Essay 1 (Convenience Over Health?)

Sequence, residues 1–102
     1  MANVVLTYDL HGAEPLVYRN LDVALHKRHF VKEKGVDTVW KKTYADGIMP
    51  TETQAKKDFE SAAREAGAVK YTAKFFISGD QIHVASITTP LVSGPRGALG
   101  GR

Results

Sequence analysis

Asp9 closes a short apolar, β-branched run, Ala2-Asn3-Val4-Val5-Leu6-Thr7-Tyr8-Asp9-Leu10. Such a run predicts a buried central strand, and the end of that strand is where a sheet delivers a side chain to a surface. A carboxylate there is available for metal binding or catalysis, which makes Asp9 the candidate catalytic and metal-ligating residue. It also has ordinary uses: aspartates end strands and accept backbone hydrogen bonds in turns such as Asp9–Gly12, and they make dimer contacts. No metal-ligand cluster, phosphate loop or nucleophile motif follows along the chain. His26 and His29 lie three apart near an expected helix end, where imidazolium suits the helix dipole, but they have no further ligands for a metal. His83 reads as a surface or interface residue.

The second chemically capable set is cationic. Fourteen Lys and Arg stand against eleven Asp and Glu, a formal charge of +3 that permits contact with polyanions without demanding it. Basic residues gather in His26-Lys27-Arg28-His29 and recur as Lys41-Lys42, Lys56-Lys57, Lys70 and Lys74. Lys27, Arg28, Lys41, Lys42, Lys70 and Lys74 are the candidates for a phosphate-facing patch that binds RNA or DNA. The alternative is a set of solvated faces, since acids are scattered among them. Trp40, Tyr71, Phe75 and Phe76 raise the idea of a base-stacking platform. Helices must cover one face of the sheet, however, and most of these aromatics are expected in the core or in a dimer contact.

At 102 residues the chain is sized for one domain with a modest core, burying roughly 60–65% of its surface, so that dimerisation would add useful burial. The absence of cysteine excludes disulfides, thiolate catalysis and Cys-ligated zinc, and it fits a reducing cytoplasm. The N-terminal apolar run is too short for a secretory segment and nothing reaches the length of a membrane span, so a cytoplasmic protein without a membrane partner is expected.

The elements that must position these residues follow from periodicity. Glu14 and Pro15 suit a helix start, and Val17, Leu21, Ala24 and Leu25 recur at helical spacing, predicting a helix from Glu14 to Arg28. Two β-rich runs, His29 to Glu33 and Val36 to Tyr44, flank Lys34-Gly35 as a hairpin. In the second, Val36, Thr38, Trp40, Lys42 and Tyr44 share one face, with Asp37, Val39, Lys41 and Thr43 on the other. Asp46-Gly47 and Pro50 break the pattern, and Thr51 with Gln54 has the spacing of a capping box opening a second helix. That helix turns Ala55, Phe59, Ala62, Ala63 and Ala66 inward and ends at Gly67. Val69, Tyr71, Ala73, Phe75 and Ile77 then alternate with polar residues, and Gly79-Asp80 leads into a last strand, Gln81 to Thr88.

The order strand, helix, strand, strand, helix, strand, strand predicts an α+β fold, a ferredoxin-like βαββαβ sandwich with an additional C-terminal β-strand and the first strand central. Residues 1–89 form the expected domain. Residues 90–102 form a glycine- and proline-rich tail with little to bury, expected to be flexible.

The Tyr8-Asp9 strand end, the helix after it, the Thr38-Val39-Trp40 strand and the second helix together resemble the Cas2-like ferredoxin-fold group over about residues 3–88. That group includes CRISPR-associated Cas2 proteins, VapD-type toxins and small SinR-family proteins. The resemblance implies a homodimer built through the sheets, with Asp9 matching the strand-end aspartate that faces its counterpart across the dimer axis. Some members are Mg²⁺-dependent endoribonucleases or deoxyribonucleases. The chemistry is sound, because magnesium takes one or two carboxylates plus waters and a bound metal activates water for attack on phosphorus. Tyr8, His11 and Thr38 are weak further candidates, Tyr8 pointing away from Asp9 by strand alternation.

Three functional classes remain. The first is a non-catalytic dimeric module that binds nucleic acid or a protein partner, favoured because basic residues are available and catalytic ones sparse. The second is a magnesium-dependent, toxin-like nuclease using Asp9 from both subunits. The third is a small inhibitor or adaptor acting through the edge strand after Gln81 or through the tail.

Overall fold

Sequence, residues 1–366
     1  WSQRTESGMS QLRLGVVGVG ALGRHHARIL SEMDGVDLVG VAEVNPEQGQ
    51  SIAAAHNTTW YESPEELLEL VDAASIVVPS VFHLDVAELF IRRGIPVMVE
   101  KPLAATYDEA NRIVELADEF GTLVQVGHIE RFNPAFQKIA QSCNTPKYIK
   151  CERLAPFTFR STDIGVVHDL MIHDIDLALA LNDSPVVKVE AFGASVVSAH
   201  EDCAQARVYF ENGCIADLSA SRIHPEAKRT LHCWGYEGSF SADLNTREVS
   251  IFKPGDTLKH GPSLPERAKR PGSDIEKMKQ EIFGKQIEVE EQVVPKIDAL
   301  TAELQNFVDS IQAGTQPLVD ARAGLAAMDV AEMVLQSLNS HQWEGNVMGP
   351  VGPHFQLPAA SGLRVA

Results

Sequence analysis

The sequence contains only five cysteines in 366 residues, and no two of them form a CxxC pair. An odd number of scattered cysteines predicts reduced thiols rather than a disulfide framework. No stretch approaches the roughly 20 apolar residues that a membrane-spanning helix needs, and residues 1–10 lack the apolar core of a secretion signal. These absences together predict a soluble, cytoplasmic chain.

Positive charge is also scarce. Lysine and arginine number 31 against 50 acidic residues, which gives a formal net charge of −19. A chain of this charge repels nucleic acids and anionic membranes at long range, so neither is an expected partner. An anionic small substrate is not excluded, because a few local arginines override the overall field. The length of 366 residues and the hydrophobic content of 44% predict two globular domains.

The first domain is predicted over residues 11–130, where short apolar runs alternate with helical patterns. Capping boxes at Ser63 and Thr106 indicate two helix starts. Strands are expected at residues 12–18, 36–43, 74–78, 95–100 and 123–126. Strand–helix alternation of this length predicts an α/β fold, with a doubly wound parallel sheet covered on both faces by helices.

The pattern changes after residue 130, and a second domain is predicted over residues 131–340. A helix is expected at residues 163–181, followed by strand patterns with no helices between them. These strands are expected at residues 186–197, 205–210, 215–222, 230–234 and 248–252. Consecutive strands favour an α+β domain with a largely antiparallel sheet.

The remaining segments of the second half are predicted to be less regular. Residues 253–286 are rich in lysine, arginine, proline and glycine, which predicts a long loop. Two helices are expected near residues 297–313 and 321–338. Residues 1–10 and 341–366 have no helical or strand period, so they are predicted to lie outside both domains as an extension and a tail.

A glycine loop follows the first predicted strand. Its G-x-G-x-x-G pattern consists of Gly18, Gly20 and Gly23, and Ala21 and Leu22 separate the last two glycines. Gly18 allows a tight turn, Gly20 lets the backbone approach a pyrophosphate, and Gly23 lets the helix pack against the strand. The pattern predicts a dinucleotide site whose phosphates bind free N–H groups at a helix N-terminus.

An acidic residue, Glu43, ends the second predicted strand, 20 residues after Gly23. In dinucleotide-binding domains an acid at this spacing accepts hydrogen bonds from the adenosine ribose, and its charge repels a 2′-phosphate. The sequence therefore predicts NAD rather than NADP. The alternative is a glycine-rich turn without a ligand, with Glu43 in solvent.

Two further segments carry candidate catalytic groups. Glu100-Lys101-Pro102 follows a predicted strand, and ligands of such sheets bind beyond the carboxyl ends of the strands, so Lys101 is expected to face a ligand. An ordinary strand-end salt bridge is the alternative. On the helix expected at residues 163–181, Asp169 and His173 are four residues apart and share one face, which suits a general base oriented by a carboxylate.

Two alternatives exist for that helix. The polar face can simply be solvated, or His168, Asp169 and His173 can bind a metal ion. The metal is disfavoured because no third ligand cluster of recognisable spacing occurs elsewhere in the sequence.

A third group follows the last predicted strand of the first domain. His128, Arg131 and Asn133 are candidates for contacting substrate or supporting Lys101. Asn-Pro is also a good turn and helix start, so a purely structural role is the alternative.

What to have for breakfast this morning? It is a question that everyone asks himself or herself and the answer varies from person to person; I myself had a Herbalife shake this morning. On the other hand my roommate had a banana and a protein bar, while my mother had a breakfast of eggs and bacon. These examples are fairly healthy, regretfully for most are not options that are taken. There are those that will grab an Egg McMuffin from McDonalds on the way to work because it is cheap and convenient. Unfortunately though there are some that do not eat breakfast either because they do not know how important it is or they simply do not have the money to pay for breakfast. American’s perspective on food and the food they choose to consume has change gradually over the years and has created some negative effects such as unhealthy diets, which has lead to obesity, and overproduction that has lead to waste.As you may have noticed by simply driving down a main street in your hometown, American culture promotes fast food on a large scale. I would guess that there are easily at least four to six fast food establishments on every main street in most towns in the U.S. This creates a huge convenience factor for those that are constantly on the go, which is most of the population. Let’s be real, we are American’s after all. Plus you get more for less. Right? One would be inclined to think so, however in my experience I find that when I visit a fast food restaurant I am paying more for a lesser quality, oversized meal and that I could spend just slightly more for a correctly portioned, quality meal. While I am of this opinion I know that I am one of many. I have found that there are three opinions or situations that people fall under. The first are those like me, who know what goes into a healthy diet and takes the steps to do so. The next includes those that may know what goes into a healthy diet but due to a lack of time or caring continue to frequent fast food restaurants and supermarkets. Lastly is the group that either has a lack of education, I mean when does our education system educate us on this information, or is simply unable to afford anything but the cheap mass produced food. Sadly, regardless of which category one fall into about fourteen percent of the food that is bought goes unused and ends up getting tossed in the dumpster. (McKibben 11) So what has this lead to? Well more than a third of adults and seventeen percent of children in the U.S. are considered obese. (Miller 9) This is an overwhelming amount for the wealthiest country in the world. As observed in “Divided We Eat,” America has a unique culture when it comes to food and eating. Generally we like to place food in two categories, good or bad nutrition or to simply think in terms of daily allowances. For those in other countries, France for example, view eating as a social activity and food as a shared resource. The French, for the most part, are predictable and dine at 12:30 each day. In contrast, surveys were unable to determine a single time of day that Americans sit together and eat. (Miller 11-12) America’s problem with obesity only exacerbates the overproduction of food. Of course this is not the only time in American history that Americans have overindulged. Take alcohol for example, during the first few decades of the 19th century Americans began drinking more and more, to the point that America was face with its first public health problem. Employers were even expected to supply alcohol during the workday. This of course led to Prohibition, and everyone knows how that faired. However, while America’s first ‘binge’ was serious, today’s issue of overproduction has led to many more issues. Where did it all begin though? The time period that shows the beginning of food overproduction was just after the Great Depression. Farmers began over producing in order to increase their income. In reality what they did was deflate the value of their crops. The government did create a bail out plan in response that was part of the New Deal that was both successful and profitable. While the program was not perfect, it could be considered a good alternative to today’s subsidy regime that costs taxpayers 19 billion dollars a year that virtually does nothing to control production. In today’s fast food industry, large food companies have created marketing strategies that promote large or ‘supersized’ portions. These promotions give people the false impression that they are getting more for their money, though that is also a question of quality versus quantity. When it comes to the food that we put into our bodies, do we really want to sacrifice quality? (Pollan) So what is the solution? Those familiar with history know that Prohibition was not the answer. The government was never fully able to stop citizens from producing, selling, and consuming alcohol. Likewise, the government would be unable to restriction our everyday diet. Let’s face it; no one would want to deal with that monstrosity of a headache. We have also seen the government try to solve the problem of overproduction with New Deal policy, though in the long run was proved unsuccessful. On the other hand, the government should begin taking steps to begin correcting these situations. For example, there could be some reform within our education system. This might include something as simple as ensure the meals served in the cafeteria is a wholesome meal, versus a slice of pizza or the low quality cafeteria food our schools are known for. Or it could be a mandatory class for every freshman that educates students not only on what a healthy diet consists of but how to construct a healthy diet depending on the varying situations they may end up in. As for overproduction, the government could institute a policy that gradually reduced the amount of crops produced over a large time period, say fifteen years, to a manageable amount of production, while providing information to producers that while it may look like a gradual decrease in income the value of their product with increase, therefore not effecting their income. These may or may not be valid solutions, however America as a whole needs to wake up and begin working on a lasting solution before its unhealthy lifestyle becomes worse.